Author Name: Jay Thomas Willis
Book Title(s): Implications For Effective Psychotherapy With African-Americans; As Soon as the Weather Breaks; The Cotton is High; Born to be Destroyed; Paranoid but not Stupid; Why Black Americans Behave as They Do; Hard Luck; When the Village Idiot Get Started; Educated Misunderstanding; The Devil in Angelica.
Marketing Subject: Self-Doubt in Promoting and Marketing Your Self–Published Book
I’m just a poor, deprived, neglected, and abused country boy; how can I get the wherewithal to market and promote my books. It is rare that someone of this description is able to write a book, but when they are able to do so, there may be sufficient hurdles to overcome, but not obstacles that are insurmountable. This kind of thinking does not have to apply to an individual of a particular origin, but applies to a cross section of people.
We hear people say that this industry is being controlled by other groups. Regardless of this situation, there is nothing preventing an author from promoting his books—especially, if it’s a book that will appeal to a large percentage of the masses.
So get off your duff and do what you can to market your books. You need to first of all learn the business of marketing if you are going to write books. Don’t just sit around feeling sorry for yourself. It is common for those with a sense of powerlessness to see themselves as not being able to effect a better situation. There are things you can do to promote your book, but you must study your particular marketing opportunities, and do what’s best for you. Make an effort to first do what’s possible for you to do with your own efforts, what has been commonly practiced. Then make an effort to get on radio and TV. This will provide the greatest amount of exposure.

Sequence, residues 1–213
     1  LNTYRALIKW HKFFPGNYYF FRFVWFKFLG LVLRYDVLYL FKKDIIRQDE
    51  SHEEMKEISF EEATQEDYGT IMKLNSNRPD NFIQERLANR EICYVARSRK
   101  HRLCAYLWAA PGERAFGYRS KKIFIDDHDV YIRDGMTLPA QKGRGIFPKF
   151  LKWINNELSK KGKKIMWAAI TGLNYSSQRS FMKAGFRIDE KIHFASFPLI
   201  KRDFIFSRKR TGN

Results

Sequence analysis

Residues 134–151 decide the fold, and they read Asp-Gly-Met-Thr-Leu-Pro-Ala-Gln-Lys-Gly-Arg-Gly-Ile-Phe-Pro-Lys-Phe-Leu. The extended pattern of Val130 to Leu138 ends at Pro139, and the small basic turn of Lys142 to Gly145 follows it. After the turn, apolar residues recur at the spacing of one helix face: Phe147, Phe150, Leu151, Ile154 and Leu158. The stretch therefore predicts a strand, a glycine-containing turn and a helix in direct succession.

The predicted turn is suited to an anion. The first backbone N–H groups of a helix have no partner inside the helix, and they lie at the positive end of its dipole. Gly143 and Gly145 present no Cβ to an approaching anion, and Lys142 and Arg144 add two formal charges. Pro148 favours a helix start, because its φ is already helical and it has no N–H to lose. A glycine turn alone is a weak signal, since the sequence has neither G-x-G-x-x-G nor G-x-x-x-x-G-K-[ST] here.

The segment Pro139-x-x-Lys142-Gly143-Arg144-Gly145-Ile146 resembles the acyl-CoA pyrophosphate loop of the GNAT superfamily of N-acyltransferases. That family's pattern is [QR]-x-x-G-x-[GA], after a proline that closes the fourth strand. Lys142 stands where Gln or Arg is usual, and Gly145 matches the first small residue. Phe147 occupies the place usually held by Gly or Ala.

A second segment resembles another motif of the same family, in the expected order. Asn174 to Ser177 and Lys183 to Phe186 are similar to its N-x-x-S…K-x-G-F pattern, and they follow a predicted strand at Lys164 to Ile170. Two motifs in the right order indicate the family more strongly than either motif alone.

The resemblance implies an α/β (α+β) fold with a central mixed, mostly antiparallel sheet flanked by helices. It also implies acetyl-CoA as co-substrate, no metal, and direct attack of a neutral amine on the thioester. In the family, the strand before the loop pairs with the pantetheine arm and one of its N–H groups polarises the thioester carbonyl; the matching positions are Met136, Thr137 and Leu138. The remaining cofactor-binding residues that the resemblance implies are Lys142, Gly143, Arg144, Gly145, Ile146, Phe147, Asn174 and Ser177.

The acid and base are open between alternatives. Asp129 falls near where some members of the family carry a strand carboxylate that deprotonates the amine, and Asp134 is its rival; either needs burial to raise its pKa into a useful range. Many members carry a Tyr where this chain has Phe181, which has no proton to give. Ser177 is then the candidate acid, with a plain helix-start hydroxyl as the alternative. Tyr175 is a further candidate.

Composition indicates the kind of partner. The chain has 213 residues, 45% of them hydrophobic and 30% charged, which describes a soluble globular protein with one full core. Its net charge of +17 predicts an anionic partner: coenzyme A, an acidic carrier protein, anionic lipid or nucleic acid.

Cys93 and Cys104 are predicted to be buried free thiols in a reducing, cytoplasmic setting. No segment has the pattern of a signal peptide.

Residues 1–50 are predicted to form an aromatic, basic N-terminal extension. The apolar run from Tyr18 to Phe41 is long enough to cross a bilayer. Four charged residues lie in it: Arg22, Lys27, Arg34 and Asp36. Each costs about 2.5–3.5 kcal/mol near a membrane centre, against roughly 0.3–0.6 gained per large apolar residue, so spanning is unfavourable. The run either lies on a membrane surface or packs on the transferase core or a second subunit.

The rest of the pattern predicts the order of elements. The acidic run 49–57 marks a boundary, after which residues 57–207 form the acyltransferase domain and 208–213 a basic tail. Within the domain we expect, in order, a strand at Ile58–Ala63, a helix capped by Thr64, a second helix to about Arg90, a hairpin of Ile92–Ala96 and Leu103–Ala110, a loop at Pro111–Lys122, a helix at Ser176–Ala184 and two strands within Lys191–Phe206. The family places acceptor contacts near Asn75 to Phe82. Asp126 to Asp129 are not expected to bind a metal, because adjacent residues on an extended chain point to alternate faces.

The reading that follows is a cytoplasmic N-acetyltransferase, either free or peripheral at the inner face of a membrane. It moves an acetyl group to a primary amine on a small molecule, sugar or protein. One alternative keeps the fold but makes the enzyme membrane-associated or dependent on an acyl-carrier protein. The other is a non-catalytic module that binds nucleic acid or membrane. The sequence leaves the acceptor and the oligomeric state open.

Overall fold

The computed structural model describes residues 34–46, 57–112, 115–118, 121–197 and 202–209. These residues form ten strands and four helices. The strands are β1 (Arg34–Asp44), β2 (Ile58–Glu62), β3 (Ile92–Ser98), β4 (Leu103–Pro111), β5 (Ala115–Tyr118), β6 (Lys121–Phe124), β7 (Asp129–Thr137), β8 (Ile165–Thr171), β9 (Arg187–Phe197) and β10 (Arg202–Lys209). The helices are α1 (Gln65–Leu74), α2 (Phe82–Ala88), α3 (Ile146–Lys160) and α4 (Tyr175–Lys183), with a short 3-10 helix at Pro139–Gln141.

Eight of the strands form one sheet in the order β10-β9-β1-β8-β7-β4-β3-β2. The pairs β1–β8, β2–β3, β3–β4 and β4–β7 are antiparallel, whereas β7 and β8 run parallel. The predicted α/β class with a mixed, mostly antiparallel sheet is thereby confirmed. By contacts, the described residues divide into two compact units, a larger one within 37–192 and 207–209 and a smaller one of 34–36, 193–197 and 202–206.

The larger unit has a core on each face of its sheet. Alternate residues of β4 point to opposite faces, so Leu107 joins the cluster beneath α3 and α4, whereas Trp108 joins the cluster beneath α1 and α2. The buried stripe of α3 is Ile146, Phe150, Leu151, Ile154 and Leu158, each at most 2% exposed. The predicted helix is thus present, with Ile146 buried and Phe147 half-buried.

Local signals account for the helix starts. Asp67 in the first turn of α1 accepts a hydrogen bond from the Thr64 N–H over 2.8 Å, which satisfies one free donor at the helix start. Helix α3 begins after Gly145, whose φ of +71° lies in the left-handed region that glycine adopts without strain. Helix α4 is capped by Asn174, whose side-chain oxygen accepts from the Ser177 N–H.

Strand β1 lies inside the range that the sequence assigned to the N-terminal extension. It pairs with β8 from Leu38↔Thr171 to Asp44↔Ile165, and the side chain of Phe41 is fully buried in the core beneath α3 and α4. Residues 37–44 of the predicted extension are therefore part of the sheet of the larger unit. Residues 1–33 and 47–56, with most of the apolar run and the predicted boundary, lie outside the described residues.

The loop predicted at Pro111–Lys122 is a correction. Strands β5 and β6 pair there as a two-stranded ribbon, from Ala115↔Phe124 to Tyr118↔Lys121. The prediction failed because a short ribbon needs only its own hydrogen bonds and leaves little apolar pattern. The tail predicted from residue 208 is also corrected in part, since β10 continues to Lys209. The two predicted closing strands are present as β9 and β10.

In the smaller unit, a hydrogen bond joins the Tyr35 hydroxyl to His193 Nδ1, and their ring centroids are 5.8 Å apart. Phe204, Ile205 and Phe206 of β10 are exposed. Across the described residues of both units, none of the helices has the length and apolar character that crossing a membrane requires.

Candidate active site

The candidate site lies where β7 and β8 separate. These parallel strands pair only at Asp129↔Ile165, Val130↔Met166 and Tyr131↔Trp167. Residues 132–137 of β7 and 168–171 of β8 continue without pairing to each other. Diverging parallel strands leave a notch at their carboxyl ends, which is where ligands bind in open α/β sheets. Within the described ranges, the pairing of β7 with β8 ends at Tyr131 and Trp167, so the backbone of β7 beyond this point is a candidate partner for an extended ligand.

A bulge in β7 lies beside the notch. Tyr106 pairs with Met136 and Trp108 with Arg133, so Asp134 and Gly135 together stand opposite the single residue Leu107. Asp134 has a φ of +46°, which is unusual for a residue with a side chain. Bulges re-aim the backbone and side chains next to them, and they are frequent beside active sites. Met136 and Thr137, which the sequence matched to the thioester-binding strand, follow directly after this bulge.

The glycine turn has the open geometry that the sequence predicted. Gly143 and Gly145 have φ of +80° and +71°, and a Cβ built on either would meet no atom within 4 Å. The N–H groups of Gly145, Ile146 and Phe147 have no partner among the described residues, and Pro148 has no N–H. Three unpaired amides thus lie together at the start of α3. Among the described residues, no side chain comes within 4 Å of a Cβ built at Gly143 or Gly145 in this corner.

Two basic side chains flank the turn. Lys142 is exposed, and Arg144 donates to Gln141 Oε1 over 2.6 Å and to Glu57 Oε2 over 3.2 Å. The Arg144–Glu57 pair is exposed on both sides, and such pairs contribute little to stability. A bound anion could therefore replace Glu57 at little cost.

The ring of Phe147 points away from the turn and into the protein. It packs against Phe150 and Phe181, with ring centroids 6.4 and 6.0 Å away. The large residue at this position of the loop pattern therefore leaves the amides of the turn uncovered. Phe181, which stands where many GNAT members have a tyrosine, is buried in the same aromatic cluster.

Not every method of marketing will fit every writer. You must figure out what method will work for you, based on your time and your economic situation. Some bookstores will not be receptive to a self-published author, and even some distributors may not be responsive to self-published authors. But keep trying until you make that breakthrough.
As a self-published author I had almost given up on any productive marketing for my books. All of a sudden I got a call from a national TV interviewer. This made me realize that marketing opportunities came as a direct result of your efforts. I wondered at that point how many of such interviews I could have gotten had I put forth a consistent and persistent effort.
Once a friend told me that achievement was directly proportional to the amount of effort expended. I believe it works this way in marketing your books. You must make some opportunities, be ready for others that come along, and take advantage of them. Just don’t sit around feeling that you are powerless, and nothing can be done in your situation. Read everything you can about marketing, and utilize methods that are appropriate to your situation. You can’t be successful at being adequate on the writing end, you must also be a good marketer and promoter.